Favorite Gear: Vasque Blur trail running shoes

Vasque Blur

I use to think that the only shoes one should hike in were hiking boots.  That all changed on a three day backpacking trip with some youth in the Summer of 2006.  By the end of that 15 mile trip my feet were blistered to the point that finishing the hike in Chacos seemed a better option than continuing in my boots.  Meanwhile, the leader of the hike spent most of the trip praising the light-weight yet sturdy and durable nature of his new trail runners.

Now I’m not blaming the entire blister-episode on my boots–it could have been as much user error as boot error–but a short while after that trip I found myself in R.E.I. trying on several different brands and styles of trail runners.  As soon as the laces were tied on a pair of Vasque Blur shoes, I was sold.  They felt completely broken in right out of the box, in comparison to my boots the weight was next-to-nothing, and I knew the tread would cut through the muddy conditions found almost year round in the Pacific Northwest.  They were put to the test on-trail the following weekend, and the refreshed feeling of my feet post-hike was closely mirrored by my refreshed outlook on hiking and backpacking in general.  Over the next 3 years I hiked exclusively in my Vasques, and it was only when the tread was almost gone and a few holes on the exterior had developed from wear and tear that I finally put them out to pasture.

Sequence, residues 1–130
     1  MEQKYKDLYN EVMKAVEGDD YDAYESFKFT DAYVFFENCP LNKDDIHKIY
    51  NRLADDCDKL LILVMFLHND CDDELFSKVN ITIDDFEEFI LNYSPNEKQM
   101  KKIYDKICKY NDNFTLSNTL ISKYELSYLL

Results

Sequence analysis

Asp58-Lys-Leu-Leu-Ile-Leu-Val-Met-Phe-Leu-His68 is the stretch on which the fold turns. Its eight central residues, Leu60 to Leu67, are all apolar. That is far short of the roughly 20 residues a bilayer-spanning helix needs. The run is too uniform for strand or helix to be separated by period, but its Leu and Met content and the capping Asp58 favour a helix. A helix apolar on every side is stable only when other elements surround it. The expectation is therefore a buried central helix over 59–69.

S0 out of roughly 3 year of hiking and backpacking, somewhere in the neighborhood of 200+ miles that ranged from the Washington and Oregon coasts to the rugged mountainous terrain of Montana, how could I possibly boil all of the things seen while wearing those Vasques down to just one story?  Actually, it wasn’t that difficult at all.